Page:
Personal Finance

How can I save enough for college?

Updated: 2013-01-27T05:51:58Z

By ALEX PETROVIC

Special to The Star

If you’re worried about saving for your child’s college education, start a 529 education saving plan.

Unlike other savings options, all 529 plans, such as Learning Quest in Kansas and MOST in Missouri, provide the same federal tax benefits of tax-deferred growth and tax-free withdrawal for qualified education expenses.

Most, but not all, states offer a state tax benefit, and some states provide for state tax parity where contributions to any state plans are recognized for the tax benefits that the state may offer. Kansas and Missouri both offer state tax parity.

Each state also chooses the investment managers and the type of investment options. It is important to check with the state plan to see how long the current investment-provider contract has left before they consider a money manager change. New managers may not be your first choice.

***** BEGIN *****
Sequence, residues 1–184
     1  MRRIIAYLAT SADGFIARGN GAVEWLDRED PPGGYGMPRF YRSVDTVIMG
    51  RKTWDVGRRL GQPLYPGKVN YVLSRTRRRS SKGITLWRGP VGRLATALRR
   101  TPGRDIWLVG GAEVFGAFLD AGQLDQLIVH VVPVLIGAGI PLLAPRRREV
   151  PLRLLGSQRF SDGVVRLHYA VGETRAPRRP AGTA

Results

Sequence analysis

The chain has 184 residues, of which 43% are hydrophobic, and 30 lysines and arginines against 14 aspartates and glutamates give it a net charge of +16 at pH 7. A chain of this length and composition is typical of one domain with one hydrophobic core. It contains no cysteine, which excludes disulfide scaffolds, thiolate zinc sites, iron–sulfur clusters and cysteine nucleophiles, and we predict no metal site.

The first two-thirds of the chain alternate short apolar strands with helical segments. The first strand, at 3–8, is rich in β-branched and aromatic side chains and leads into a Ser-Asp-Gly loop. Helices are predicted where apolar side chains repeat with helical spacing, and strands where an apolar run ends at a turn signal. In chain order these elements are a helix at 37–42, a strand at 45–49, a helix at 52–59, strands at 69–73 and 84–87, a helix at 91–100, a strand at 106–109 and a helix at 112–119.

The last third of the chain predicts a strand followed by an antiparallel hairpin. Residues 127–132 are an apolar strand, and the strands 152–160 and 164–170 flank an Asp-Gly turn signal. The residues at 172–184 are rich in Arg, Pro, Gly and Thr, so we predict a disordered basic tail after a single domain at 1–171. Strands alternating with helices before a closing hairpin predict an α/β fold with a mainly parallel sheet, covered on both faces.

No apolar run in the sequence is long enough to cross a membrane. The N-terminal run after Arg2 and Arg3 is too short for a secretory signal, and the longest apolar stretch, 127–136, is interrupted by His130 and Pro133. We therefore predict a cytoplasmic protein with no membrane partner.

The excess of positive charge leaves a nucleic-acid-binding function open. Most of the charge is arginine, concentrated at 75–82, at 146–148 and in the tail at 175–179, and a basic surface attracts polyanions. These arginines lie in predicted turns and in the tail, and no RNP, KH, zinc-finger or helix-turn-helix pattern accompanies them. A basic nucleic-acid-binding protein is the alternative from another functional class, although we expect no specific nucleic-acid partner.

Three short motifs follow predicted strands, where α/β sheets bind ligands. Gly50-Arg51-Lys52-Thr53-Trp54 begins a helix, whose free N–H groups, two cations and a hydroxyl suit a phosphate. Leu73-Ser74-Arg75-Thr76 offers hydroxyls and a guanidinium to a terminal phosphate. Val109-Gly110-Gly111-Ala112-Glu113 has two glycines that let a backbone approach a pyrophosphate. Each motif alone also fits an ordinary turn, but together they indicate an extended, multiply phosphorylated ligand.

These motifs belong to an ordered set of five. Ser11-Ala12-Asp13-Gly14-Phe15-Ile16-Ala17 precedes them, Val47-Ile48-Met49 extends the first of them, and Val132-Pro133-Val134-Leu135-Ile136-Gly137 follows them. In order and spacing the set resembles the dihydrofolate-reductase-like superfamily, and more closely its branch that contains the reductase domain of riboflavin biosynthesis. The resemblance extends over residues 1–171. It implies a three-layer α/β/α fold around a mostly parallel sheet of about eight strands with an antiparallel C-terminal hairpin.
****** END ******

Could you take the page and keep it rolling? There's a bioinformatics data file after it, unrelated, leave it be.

Since the Internal Revenue Service permits only one change in investment options for a beneficiary per year, research a 529 plan that offers a good age-based option. The age-based option is invested based on the age of the beneficiary.

Younger beneficiaries are invested in more aggressive portfolios than the more conservative choices for those closer to starting college.

For families that may not be able to adequately fund their children’s 529 plans, check out savingsforcollege.org and Gradsave.com, an online college savings registry that helps parents, family and friends contribute to your child’s 529 plan in lieu of traditional gifts.

With today’s rising cost of a four-year college education, it’s never too soon to talk with a financial adviser about starting a 529 college saving plan. Take advantage of a 529 plan, but do your research first.

Alex Petrovic is a certified financial planner with Petrovic Financial Services Inc. and a member of the Financial Planning Association of Greater Kansas City.

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